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Very interesting. I don't know why but I always associated Chatterbox with Goldwings...I guess because of the hardwire setup. But going bluetooth, I could do a Chatterbox with a Nolan 103 helmet and be totally wireless and recieve GPS (I have the Zumo 550) , cell phone, and MP3? That would be all I need since the Zumo has satellite radio and I never listen to the bike's traditional FM. Very interesting.
 

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Ised8m said:
Very interesting. I don't know why but I always associated Chatterbox with Goldwings...I guess because of the hardwire setup. But going bluetooth, I could do a Chatterbox with a Nolan 103 helmet and be totally wireless and recieve GPS (I have the Zumo 550) , cell phone, and MP3? That would be all I need since the Zumo has satellite radio and I never listen to the bike's traditional FM. Very interesting.

IMHO, I think if you have the Nolan why not go for the Nolan set up? The new version is true Stereo and streams from almost anything. If your going with a B2B or CB set up get ahold of a blueCom unit. This way you are completely wireless. Velcro the PTT button somewhere put the radio/gps/Ipod somewhere and ride. i will say that I reverse engineered my bluetooth connection by going "wired" and I miss the Ncom units. FWIW... :D
 

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I'll admit when I saw the whole Nolan setup (Nolan 103 with the Nolan bluetooth equipment) it all looked pretty slick. If Chatterbox has a superior sound quality I'd have to take that into consideration. I'm guessing the Nolan setup would go pretty seamlessly though.
 

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Its hard to do with the Nolan equipment, because of the availability locally, but if you can get the CB stuff and try the Nolan, i think you will be pleasantly surprised. I personally think the Nolan set up is better by far. Style, price and function....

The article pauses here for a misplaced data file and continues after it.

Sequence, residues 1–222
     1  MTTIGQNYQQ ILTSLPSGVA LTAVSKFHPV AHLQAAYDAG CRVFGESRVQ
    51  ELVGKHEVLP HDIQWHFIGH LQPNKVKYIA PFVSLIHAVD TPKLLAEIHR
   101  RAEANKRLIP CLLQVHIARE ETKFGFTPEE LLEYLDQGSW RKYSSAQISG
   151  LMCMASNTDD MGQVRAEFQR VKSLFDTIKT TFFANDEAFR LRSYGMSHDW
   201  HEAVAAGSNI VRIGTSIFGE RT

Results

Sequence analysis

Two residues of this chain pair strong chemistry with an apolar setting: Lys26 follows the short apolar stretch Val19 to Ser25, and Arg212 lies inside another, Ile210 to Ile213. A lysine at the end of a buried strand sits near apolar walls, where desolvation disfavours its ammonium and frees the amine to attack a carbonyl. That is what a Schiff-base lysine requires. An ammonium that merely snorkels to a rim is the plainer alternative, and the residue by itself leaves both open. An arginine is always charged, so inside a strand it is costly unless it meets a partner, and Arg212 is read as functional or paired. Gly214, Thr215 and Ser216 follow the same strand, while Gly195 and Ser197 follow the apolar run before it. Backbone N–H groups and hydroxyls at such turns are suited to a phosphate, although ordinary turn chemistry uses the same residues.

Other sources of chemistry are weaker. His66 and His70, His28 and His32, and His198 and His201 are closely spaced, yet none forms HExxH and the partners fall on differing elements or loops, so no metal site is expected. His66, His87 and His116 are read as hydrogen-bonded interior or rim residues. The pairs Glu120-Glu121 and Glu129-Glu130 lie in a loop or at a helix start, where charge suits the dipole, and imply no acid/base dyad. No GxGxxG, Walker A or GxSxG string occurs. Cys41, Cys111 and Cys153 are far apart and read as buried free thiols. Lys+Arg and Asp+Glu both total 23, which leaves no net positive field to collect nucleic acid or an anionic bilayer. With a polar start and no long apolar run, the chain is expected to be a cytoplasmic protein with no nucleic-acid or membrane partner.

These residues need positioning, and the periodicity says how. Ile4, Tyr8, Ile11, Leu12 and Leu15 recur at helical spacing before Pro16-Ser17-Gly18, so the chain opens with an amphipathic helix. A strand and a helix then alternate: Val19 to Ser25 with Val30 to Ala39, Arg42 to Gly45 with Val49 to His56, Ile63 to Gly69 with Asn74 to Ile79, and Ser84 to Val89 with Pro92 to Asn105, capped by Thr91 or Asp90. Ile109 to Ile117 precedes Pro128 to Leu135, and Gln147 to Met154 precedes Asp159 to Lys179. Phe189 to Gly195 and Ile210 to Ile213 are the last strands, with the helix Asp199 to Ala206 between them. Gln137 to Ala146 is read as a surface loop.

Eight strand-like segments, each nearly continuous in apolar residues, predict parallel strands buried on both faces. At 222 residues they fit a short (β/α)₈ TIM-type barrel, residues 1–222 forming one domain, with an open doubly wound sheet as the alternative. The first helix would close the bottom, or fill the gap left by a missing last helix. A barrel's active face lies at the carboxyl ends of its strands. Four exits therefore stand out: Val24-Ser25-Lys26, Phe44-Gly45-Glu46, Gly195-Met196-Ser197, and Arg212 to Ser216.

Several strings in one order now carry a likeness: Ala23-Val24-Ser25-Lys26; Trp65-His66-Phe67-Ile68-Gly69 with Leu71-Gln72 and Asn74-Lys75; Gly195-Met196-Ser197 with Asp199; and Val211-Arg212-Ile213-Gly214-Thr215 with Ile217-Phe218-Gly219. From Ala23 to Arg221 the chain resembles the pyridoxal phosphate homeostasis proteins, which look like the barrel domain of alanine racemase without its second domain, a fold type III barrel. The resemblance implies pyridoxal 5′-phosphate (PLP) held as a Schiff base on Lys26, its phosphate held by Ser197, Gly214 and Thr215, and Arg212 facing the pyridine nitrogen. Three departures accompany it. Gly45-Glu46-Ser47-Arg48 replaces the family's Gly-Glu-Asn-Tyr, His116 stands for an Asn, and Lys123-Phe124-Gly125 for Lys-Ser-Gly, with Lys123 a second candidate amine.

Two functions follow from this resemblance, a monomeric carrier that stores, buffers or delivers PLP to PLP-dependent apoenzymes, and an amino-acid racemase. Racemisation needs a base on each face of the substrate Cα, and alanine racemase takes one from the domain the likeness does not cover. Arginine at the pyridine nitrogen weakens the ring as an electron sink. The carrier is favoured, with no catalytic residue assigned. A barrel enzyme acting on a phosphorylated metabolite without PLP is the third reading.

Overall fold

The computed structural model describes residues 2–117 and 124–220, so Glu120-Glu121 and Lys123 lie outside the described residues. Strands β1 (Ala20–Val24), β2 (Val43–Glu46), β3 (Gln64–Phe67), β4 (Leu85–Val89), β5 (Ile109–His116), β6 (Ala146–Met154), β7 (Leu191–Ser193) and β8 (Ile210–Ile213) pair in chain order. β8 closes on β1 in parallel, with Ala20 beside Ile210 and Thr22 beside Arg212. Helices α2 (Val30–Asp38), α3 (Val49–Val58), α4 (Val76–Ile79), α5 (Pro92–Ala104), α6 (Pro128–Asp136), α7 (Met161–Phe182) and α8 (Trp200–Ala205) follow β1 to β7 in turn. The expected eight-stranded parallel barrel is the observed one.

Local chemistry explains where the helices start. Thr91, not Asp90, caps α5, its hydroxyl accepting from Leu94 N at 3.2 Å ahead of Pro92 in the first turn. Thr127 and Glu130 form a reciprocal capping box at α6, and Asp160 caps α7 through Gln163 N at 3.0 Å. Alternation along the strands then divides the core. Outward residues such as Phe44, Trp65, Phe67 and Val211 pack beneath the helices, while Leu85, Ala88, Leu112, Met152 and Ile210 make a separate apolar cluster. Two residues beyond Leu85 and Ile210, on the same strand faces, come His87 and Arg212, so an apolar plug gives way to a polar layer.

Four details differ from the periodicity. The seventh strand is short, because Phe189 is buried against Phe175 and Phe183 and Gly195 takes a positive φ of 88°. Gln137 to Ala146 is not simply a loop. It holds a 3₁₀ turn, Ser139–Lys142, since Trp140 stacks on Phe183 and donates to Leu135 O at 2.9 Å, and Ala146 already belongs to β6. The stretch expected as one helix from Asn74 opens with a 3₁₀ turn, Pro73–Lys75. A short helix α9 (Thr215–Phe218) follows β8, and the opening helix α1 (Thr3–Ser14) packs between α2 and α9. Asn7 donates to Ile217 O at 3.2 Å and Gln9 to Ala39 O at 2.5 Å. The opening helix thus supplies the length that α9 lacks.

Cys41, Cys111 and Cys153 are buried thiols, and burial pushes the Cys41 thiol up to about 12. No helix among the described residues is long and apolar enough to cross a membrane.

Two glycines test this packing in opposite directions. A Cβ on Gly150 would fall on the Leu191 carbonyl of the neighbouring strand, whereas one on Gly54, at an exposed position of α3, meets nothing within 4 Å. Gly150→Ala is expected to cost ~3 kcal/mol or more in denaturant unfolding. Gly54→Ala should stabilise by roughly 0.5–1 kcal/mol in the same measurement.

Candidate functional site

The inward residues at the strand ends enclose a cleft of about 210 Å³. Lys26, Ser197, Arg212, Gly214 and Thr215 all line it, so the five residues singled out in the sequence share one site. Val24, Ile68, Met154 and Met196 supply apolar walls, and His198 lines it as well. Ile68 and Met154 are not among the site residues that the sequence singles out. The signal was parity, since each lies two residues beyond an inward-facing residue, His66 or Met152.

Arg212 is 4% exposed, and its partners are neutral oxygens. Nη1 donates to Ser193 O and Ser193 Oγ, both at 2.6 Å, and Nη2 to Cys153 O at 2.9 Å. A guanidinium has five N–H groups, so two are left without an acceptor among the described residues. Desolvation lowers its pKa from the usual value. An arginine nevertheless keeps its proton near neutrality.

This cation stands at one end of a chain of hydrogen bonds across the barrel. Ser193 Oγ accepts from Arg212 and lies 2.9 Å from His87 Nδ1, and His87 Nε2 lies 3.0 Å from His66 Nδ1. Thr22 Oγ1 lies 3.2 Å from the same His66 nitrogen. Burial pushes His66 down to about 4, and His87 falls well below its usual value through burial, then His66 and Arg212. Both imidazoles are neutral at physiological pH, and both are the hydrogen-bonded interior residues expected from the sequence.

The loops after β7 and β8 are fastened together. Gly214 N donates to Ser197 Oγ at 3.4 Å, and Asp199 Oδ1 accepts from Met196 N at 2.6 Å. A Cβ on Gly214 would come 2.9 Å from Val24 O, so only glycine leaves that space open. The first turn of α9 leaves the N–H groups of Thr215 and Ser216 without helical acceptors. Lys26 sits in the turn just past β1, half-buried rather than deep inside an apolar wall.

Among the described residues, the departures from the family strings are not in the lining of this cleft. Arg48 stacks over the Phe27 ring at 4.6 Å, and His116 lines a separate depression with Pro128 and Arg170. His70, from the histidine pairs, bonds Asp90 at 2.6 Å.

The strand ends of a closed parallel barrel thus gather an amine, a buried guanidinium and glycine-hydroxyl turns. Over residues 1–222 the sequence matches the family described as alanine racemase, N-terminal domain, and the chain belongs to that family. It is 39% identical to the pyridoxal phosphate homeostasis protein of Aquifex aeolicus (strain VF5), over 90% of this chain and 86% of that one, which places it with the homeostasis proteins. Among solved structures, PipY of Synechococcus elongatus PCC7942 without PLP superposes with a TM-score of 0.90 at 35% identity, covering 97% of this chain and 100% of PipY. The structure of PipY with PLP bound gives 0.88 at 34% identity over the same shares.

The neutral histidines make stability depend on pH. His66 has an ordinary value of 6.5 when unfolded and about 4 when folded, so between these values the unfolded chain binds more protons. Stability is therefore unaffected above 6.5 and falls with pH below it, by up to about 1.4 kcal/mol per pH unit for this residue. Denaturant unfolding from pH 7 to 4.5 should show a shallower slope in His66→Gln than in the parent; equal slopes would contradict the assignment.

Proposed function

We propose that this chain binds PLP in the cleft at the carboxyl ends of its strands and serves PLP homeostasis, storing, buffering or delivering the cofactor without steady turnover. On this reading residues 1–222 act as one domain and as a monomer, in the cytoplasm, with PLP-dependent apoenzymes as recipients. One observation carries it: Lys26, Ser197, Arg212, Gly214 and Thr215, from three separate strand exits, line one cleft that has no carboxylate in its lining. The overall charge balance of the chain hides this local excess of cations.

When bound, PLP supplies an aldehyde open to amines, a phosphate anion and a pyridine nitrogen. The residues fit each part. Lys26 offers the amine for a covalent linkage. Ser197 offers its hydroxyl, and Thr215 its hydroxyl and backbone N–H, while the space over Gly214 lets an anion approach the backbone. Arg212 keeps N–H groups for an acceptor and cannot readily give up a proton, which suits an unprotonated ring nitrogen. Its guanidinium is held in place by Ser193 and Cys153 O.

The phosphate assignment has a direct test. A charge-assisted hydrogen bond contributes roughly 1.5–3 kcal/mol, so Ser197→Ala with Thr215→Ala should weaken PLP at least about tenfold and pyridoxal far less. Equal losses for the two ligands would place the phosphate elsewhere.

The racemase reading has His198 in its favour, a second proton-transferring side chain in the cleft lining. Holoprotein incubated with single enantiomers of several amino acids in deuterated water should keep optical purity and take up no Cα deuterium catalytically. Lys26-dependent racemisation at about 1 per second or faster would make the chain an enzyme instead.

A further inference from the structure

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Discussion Starter #11
Ised8m said:
Very interesting. I don't know why but I always associated Chatterbox with Goldwings...I guess because of the hardwire setup. But going bluetooth, I could do a Chatterbox with a Nolan 103 helmet and be totally wireless and recieve GPS (I have the Zumo 550) , cell phone, and MP3? That would be all I need since the Zumo has satellite radio and I never listen to the bike's traditional FM. Very interesting.
You do have all the right stuff already.

I just got my Chatterbox unit installed on top of the hole Nolan provides for their own (or J&M supplied) bluetooth devices. I just use the opening from inside the helmet, cut a small groove in the bottom of the hole cover that snaps in and run the cable out that way. Then super glue one or two spots the keep it from popping out later. Works for me and my wife.:)